Though I am not a native of Indiana, I look forward to a little slice of heaven each August – the twelve days of the Indiana State Fair. My affinity for the Fair started out as a way to reconnect with my farm kidhood – a chance to see animals, smell familiar smells (smells that most don’t find as pleasant as I sometimes do), and eat some great food and share those things with my kids.
As a member of the Purdue Agricultural Alumni Association Board I knew that we were responsible for the Pioneer Farm exhibit. I have since learned that this area of the fairgrounds is unique in the country, with working demonstrations and wide variety of exhibits and activities that serve as education as well as entertainment for thousands each year. Once I saw it – especially the antique tractors – I was completely hooked.
Because of the Fair and those tractors, my father and I have cultivated a hobby of collecting antique tractors. Seven Fairs ago, I set a goal to exhibit a tractor there in the future, and for each of the last five Fairs I have had either one or two tractors there.
One of the best parts of having a tractor at the Fair is that you can participate in the parade each evening. Dad built a beautiful wagon for us to tow – so that family, friends, neighbors (and even the Indiana Bee Queen) can ride in the parade.
Parading slowly across the Fairgrounds with thousands of people stopping to watch is a very cool thing. In each parade I see older people smiling pointing to a tractor while talking to their spouses and/or grandkids. I know what they are saying – the smile tells the story. They worked on, rode, or knew someone that had a tractor like that. I see little kids mesmerized by the sights and sounds of the tractors, waving as enthusiastically as they can. And as the years have passed I almost always see someone I know in the crowd too.
And while the parade is about seeing the smiling faces, knowing that we helped create some of those smiles, and having a sense of pride for my tractor, it is also a time of solitude for me.
You see, I grew up on tractors. I spent more hours than I could count on them. I rode them in all kinds of weather – hot days, cold days, rain and snow and doing all sorts of tasks. And those times sit in my memory, an important part of who I am. And for 45 minutes on an August night with 50-100,000 people around me, I am transported back to those times. Strange as it may seem, with all those people around, and all of the waving and smiling I do – in those minutes I am completely alone with my thoughts and memories.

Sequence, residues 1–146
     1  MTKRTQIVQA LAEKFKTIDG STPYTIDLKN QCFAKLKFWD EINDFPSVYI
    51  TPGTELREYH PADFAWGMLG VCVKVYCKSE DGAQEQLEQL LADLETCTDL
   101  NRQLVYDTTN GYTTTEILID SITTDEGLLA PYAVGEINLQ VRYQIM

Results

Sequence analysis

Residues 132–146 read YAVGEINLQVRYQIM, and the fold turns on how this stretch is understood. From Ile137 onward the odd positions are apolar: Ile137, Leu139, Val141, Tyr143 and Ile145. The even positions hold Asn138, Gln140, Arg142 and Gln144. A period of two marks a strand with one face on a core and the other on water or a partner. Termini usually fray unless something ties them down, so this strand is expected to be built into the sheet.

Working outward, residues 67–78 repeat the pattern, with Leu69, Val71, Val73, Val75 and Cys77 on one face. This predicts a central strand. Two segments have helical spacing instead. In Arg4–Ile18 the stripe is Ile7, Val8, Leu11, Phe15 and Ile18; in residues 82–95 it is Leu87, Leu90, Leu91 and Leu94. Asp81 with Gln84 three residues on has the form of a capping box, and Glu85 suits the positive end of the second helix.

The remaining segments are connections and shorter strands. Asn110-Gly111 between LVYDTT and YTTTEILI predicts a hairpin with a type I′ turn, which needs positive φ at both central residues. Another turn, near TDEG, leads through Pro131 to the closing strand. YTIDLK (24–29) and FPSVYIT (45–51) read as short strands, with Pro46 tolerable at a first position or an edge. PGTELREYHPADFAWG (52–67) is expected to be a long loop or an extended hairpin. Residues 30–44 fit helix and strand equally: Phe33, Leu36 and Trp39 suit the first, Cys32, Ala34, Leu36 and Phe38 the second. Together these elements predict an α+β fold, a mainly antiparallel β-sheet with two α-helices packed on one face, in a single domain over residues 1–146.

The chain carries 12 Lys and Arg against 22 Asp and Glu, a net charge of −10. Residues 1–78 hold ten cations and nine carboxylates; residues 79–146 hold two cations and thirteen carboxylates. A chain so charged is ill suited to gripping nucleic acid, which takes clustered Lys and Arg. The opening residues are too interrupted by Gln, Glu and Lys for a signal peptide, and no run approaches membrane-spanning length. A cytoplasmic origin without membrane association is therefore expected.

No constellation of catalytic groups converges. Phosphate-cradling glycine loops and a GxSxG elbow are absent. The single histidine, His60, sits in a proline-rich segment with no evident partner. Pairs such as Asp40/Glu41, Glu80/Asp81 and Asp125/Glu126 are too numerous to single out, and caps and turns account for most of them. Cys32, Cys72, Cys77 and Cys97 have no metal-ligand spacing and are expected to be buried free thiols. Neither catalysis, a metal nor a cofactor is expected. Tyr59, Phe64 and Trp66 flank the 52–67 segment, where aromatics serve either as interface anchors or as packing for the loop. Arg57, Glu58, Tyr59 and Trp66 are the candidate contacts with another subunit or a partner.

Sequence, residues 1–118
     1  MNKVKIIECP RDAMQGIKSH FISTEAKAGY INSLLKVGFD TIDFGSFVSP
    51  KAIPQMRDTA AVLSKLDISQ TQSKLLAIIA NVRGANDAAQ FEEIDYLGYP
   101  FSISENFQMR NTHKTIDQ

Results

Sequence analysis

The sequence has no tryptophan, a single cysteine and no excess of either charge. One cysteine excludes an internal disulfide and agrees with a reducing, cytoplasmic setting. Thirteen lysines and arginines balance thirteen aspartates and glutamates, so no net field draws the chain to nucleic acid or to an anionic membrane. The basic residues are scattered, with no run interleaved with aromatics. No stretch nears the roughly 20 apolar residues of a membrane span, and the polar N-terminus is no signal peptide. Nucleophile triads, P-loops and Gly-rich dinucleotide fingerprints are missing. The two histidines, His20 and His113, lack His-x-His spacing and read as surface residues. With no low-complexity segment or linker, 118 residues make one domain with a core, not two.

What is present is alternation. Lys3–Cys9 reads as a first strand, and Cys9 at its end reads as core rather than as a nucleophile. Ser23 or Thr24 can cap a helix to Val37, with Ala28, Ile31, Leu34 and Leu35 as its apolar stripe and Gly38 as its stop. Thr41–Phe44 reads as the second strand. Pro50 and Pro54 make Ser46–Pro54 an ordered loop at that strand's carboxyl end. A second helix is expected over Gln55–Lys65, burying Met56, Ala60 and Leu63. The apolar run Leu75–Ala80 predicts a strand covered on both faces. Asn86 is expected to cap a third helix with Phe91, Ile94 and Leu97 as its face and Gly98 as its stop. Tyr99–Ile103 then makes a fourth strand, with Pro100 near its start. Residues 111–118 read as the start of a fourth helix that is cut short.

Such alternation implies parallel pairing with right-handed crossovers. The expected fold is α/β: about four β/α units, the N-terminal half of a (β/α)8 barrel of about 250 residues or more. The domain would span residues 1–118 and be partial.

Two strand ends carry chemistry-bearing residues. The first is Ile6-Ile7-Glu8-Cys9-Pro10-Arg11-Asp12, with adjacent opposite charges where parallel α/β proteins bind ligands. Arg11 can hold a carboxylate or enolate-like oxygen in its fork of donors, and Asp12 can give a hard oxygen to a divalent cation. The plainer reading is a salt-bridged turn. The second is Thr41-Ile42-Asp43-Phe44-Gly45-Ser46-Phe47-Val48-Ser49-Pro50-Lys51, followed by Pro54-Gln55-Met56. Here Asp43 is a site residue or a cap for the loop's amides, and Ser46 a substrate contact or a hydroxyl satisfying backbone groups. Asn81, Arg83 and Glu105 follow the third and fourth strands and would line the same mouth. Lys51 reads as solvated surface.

This year’s Fair was no different. I had a tractor and Dad’s wagon on the grounds. My family, a friend of Parker’s and my Mom and Step-Dad were there, ready for the parade. While everyone else started to take in the sights and sounds, I mounted a Purdue flag on the tractor and four American flags on the wagon. Then I washed the tractor – getting the dust of the last few days off, so the tractor would shine as we rode.
I hitched the wagon and everyone got in. I pushed in the clutch, opened the throttle, adjusted the choke and turned the key.
It was completely dead!
I unhooked the wagon and we tried some tricks learned long ago to try to start the tractor. After several tries, and the procession about to commence, I told everyone that we wouldn’t be parading that night.
I was a little embarrassed, sorry that Parker’s friend wouldn’t be able to be in the parade, aware how sad this makes Kelsey, my daughter who talks about the parades all year, and personally disappointed.
It is just a tractor parade, and logically I knew that, but I was still disappointed.
As is always the case, obstacles or challenges provide us opportunities to learn.
This evening was clearly one of those times. Instead of parading, I went through a 4-H Building with my Mom that we wouldn’t have otherwise done. It was something she really enjoyed, and I enjoyed being there with her. I got to ride two rides on the Midway with Kelsey, and I got to think about disappointment.
I’ll never forget that night at the Fair. I had two great parades later in the Fair (the tractor is fine now!), but I wouldn’t trade that night for anything.
Looking back, I got over my disappointment by focusing on others rather than myself. I spent more time with my Mom. I rode the rides. And I ate the best $2.00 milkshake ever.
The next time you are disappointed, focus on others and their pleasure. Put yourself in a place that you love (whether physically or mentally). Look for the lesson in the disappointment (in this case, start the tractor when you first arrive, so you have more time if something is amiss with a machine that’s 66 years old), and maybe most importantly, get over yourself.
Next year our Fair turns 150 years old. You can bet I’ll be there celebrating – probably with more than one tractor and on several parades. But I won’t forget the lesson I learned the night I didn’t parade. It is a lesson I’ll use the rest of my life.
If you plan to be in Indiana August 9-20, 2006, let me know – I’ll make a spot for you in the wagon.